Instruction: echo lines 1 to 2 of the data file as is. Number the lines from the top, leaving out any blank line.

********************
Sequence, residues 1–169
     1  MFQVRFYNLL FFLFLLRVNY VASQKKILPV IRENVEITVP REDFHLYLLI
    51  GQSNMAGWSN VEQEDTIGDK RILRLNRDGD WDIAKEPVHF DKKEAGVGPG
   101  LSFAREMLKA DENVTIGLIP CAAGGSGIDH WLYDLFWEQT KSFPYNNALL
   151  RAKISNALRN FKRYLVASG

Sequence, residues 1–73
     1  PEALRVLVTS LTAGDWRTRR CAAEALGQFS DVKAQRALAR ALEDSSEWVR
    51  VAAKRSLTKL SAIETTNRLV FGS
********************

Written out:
Sequence, residues 1–169
     1  MFQVRFYNLL FFLFLLRVNY VASQKKILPV IRENVEITVP REDFHLYLLI